We used a pooled dataset combining children from all available years. HAZ values have risen over time in Nepal, but each survey round contains substantial variation in HAZ and elevation. We summarized this variation in Figure 1, in which we plotted a locally weighted scatterplot smoothing (LOWESS) regression line of HAZ against elevation. Figure 1 illustrates the strong negative relationship between HAZ and elevation, although the wide confidence interval at high elevations indicates both a shortage of observations at the highest elevations and the fact that not all high-elevation children have low HAZ. We summarized all variables used in our regressions in Table 1. Table 2 contains a summary and synthesis of the regressions and the main findings. Primary regression results are presented in Table 3, and auxiliary regression results are presented in Tables S1 (mred-40-03-07_s01.pdf) and S2 (mred-40-03-07_s01.pdf) (Supplemental material, https://doi.org/10.1659/MRD-JOURNAL-D-19-00063.1.S1).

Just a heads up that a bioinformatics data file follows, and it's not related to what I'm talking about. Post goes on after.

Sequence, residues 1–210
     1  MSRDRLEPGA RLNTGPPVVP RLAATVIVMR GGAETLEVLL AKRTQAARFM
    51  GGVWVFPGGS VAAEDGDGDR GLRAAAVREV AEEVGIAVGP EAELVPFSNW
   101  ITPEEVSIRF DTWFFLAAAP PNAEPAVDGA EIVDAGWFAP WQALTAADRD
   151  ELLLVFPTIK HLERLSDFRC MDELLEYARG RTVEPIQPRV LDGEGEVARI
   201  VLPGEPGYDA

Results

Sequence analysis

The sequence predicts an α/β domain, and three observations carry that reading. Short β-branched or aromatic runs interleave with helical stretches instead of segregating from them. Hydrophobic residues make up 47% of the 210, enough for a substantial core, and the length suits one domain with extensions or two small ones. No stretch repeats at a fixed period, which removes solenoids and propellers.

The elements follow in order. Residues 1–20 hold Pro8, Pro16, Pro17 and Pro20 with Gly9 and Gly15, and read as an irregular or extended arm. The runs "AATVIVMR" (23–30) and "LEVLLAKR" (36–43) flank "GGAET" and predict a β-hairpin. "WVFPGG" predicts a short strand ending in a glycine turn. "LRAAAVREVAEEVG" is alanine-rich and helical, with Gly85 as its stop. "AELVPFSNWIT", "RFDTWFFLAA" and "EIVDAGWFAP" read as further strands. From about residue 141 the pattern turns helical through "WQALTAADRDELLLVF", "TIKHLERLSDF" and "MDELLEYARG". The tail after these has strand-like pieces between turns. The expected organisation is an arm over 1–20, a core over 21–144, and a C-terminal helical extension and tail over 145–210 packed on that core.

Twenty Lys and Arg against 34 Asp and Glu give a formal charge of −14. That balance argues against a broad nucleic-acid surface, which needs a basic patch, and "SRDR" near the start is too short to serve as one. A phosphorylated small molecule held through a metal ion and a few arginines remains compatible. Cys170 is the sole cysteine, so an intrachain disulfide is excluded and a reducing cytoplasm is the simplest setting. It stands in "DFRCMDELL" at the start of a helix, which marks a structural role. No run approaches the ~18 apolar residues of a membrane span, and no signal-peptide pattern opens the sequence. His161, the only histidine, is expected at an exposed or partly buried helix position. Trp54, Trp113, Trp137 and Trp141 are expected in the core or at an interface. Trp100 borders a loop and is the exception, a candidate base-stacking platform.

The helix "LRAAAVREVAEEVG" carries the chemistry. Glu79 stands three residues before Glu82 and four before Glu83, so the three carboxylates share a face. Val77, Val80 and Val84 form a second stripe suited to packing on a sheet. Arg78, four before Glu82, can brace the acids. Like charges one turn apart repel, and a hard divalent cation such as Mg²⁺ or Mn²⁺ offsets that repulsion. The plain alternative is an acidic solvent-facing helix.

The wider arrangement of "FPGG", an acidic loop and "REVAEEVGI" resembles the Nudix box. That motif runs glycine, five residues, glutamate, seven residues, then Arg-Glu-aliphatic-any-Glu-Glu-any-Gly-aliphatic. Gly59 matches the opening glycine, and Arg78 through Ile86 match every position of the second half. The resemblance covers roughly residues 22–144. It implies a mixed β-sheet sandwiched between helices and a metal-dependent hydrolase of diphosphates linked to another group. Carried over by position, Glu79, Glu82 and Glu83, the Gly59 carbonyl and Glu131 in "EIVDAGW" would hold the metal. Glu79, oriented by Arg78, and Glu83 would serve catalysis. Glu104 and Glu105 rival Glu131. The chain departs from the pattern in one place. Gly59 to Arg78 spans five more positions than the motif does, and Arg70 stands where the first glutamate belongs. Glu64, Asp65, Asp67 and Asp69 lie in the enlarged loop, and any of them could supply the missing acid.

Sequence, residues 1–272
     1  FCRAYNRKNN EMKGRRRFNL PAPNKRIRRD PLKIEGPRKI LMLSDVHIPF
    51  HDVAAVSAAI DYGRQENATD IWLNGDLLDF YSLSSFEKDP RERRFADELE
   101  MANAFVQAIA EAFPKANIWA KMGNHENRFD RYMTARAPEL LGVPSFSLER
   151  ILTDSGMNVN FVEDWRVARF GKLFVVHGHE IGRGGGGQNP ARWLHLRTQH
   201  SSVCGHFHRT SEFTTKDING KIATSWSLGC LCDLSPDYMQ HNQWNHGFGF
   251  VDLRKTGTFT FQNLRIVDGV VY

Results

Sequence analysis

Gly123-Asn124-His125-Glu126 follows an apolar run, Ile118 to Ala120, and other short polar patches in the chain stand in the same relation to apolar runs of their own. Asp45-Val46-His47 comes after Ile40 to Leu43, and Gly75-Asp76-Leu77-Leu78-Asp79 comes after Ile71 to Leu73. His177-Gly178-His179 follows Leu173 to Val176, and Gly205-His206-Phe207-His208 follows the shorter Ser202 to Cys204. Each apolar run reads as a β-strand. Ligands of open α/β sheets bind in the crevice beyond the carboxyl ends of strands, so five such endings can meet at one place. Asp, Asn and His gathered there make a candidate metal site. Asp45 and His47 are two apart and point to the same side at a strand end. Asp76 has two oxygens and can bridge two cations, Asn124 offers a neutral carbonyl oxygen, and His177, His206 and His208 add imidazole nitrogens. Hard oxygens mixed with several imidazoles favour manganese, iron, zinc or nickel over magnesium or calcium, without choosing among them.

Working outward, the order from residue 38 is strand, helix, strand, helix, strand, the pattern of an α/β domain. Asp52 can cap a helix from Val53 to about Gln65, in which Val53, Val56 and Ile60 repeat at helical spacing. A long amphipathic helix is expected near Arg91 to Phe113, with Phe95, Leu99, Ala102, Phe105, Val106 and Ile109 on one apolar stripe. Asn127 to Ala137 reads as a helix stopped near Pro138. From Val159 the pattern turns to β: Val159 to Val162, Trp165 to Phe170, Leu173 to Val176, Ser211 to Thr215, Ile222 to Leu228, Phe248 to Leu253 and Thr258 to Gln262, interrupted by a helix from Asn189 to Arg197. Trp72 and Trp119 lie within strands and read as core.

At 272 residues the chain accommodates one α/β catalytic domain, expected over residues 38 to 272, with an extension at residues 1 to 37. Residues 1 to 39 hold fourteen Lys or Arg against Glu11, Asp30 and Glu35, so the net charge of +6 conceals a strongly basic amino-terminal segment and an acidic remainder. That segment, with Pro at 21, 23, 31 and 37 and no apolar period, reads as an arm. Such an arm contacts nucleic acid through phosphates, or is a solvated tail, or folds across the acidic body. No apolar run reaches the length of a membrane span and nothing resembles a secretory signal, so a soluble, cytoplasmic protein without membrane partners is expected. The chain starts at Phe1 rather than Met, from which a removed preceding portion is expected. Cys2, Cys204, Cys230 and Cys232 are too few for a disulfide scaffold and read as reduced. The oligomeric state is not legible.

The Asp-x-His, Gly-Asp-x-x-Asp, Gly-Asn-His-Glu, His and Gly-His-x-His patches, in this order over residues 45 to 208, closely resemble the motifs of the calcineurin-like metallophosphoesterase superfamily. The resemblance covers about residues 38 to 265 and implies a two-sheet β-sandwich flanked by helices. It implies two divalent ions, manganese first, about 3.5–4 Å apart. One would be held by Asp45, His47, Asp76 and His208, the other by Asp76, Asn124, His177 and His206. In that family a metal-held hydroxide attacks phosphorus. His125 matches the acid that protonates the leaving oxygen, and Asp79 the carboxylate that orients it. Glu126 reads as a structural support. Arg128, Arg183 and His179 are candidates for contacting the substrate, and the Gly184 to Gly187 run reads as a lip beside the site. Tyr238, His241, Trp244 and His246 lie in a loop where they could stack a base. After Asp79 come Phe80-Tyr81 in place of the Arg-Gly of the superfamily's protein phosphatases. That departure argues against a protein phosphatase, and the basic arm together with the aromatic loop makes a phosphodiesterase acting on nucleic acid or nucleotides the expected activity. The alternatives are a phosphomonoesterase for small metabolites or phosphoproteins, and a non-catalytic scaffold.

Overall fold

Descriptive statistics for the sample.
Synthesis of findings.
Regression results for main models.